Despite mild temperatures, Kodiak lies in one of the most meteorologically active regions on earth. From September to April, a storm crosses the Gulf of Alaska every four to five days, bringing intense rain, high winds, and heavy seas. Kodiak’s location guaranties exposure to the complete force of these storms, which build to their fullest stage by the time they reach the central Gulf. For Alutiiqs, stormy weather presented special challenges. Storms pushed subsistence foods farther away from shore and limited kayak travel. In winter, hunters could not always access foods and raw materials by boat.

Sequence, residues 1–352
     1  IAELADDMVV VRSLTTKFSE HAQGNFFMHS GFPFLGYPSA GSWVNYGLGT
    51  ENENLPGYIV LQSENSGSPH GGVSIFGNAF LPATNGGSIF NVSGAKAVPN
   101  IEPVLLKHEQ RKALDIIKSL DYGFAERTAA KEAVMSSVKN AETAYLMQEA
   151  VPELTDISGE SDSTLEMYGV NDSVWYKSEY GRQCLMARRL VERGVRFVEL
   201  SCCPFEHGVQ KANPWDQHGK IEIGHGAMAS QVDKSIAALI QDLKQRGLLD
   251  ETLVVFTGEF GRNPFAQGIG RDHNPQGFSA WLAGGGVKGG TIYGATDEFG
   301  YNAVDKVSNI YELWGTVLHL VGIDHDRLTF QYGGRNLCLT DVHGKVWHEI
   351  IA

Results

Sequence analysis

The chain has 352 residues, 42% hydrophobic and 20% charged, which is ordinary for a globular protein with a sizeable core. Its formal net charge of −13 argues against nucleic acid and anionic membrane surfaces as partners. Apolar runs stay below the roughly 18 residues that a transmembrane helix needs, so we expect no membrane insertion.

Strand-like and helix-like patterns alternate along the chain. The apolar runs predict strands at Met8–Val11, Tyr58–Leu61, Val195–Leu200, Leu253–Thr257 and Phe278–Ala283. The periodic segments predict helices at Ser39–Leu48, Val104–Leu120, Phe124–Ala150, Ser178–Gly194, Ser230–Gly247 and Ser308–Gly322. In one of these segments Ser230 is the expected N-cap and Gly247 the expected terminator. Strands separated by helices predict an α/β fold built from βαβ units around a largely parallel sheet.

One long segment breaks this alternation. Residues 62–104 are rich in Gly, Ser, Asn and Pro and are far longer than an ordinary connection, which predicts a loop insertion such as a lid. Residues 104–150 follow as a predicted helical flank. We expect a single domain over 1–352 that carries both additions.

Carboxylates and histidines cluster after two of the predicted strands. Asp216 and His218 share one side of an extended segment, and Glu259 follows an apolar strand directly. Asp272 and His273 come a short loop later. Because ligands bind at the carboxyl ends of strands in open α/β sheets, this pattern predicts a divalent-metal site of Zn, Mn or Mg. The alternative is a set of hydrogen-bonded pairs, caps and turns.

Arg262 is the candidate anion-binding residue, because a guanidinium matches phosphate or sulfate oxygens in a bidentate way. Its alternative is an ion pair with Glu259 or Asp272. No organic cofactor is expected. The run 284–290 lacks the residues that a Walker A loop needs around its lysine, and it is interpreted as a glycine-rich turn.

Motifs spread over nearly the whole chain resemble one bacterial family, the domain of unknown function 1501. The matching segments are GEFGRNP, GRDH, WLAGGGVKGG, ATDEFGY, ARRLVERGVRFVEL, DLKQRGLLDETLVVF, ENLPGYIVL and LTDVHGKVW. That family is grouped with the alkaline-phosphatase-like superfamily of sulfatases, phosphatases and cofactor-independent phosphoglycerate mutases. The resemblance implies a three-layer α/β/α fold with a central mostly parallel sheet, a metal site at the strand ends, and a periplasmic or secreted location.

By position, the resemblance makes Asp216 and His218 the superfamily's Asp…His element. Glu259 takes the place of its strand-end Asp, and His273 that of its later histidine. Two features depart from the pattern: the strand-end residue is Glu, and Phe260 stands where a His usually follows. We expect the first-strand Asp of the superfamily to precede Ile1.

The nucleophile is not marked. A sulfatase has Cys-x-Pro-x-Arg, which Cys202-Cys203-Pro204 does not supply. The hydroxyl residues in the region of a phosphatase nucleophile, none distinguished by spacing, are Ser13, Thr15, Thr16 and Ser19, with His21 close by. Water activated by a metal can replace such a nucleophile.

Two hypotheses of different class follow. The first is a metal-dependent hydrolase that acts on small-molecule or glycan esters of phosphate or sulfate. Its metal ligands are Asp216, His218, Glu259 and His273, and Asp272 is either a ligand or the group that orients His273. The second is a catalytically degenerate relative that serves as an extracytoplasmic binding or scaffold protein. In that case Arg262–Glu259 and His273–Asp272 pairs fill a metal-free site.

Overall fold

To prevent food shortage, Alutiiqs stockpiled large quantities of summer resources for winter use. Fish and sea mammal meat were dried, oil rendered from blubber, berries preserved, and fish pickled. Stores hung from the rafters of sod houses or were kept in containers and special rooms. During stormy weather, Alutiiq families gathered to work and socialize. Men repaired their hunting tools, women stitched clothing, children played with toys, and everyone participated in traditional games.